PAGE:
"... We were poor, but we were of the well-to-do poor. We were always properly dressed on Sundays. We always had hats and shoes and stockings and warm clothes in winter. We had plenty of fuel, too ... Our food, like that of our neighbors, was extremely simple. Potatoes were the staple, with a sparing use of bacon and plenty of butter-milk. We did not use bread, but oat-cakes, made of oatmeal and baked on a griddle. These were very crisp and tasty when they were well made. My mother occasionally varied them with fadge, a dough made of wheat flour with an infusion of potatoes and baked like pan-cakes. Fresh meat we seldom had, but we sometimes ate dried or fresh herrings, broiling them on the tongs over the peat fire. I can remember when the use of white bread and tea began to be general among the people, and I recall hearing the old people deplore the change in food and its effect upon the teeth of the people, which at once deteriorated ..."

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Friday, March 17, 2017

St Patrick's Day, New York, 1766 - A toast to the Sons of Liberty and William of Orange

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A friend sent me a link today to a long Facebook article about the origins of St Patricks Day. Some I was already familiar with, but this extract was interesting:

"In 1766 the New York Gazette reported on a notable March 17th celebration at the house of a gentleman by the name of Mr. Bardin. Among the toasts raised on the evening were; "the prosperity of Ireland", "Success to the Sons Of Liberty in America" and "The glorious memory of King William of Orange”."

The same extract is referred to in numerous other sources, like this one from 1902 which lists 20 resolutions, so it appears credible enough. I briefly blogged about the Sons of Liberty last year (post here), a pre-Revolution movement seemingly masterminded by a Thomas Young whose parents were from Donegal and who had arrived in America in 1718. It shouldn't be a surprise that families who had endured and survived the Siege of Derry, and later emigrated, brought their stories and memories with them. It is entirely credible that they would have commemorated William of Orange, although I would suggest for different reasons than we might assume today. There are numerous references during the 1700s and 1800s to the melody Boyne Water being played at St Patrick's Day events.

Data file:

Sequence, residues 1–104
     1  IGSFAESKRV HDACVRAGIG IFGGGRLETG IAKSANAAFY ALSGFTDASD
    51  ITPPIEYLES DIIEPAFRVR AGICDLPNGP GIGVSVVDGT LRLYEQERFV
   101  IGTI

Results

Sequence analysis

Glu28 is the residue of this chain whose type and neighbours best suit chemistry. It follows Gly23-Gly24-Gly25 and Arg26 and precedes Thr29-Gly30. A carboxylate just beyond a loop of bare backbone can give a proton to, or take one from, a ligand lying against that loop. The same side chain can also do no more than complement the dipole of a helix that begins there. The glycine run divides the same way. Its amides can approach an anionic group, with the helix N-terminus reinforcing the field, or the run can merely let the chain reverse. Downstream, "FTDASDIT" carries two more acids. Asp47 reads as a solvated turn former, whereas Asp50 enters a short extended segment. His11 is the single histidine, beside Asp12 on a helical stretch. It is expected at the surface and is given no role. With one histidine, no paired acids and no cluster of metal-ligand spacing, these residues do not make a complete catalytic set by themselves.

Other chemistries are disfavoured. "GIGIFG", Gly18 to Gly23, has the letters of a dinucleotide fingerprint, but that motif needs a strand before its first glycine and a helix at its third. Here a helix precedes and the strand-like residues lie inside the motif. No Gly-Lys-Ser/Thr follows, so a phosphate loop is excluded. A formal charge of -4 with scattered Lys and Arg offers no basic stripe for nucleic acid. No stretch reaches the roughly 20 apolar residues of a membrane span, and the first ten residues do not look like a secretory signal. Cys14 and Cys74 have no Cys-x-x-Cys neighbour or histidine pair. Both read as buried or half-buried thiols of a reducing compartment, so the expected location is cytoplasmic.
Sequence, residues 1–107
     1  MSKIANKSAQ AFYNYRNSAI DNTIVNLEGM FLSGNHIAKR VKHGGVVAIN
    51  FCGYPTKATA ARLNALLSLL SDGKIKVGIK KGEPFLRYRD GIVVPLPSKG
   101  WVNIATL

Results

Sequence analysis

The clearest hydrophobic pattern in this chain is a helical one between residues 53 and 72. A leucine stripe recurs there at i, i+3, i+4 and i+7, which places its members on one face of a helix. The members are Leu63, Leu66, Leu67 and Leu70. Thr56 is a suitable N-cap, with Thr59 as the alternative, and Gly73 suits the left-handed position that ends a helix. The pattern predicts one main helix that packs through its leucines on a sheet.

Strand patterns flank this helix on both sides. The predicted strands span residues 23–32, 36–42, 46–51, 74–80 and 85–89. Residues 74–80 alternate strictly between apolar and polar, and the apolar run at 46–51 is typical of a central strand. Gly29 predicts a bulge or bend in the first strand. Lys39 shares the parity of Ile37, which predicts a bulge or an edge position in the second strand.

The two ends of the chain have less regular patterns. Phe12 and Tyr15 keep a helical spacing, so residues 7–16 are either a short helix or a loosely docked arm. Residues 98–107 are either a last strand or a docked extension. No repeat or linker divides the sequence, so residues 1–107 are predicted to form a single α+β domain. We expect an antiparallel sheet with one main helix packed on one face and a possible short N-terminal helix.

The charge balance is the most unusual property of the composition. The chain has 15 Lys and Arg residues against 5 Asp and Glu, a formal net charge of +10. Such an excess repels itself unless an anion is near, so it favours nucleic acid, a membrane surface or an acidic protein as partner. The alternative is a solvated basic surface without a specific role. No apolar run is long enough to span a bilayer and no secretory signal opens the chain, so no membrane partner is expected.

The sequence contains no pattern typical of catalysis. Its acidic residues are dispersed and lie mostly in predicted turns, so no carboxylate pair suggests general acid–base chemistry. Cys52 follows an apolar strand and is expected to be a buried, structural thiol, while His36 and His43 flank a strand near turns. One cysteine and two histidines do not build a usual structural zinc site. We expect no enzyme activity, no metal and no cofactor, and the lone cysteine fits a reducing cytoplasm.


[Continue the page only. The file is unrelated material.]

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Wednesday, March 15, 2017

Masonic Theatre, Louisville, Kentucky - the 3rd Scotch-Irish Congress, May 1891

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One of the first things to do when planning an event is to make sure nothing clashes with it. This is where the Scotch-Irish Society of the USA went badly wrong for their third Congress. They chose Louisville, Kentucky (declining offers from San Francisco, Charlotte in North Carolina, and Atlanta) but seemingly might not have checked the city’s calendar.

In terms of population size, it was within the 20 biggest cities in the USA, with around 200,000 residents. That very same mid-May weekend there were, the Society later said, ‘several other public gatherings, whose dates had not been decided when ours was fixed’ - but one of these was the annual Kentucky Derby horse racing festival, a world-famous event which had happened for the past 16 consecutive years. The May Musical Festival was also on at the same time, as was the Democratic State Convention, and the annual reunion of the Elks fraternal society. The city had hosted World Fairs for the previous five consecutive years; Oscar Wilde had lectured there, its first skyscraper had just been built. It was a happening place.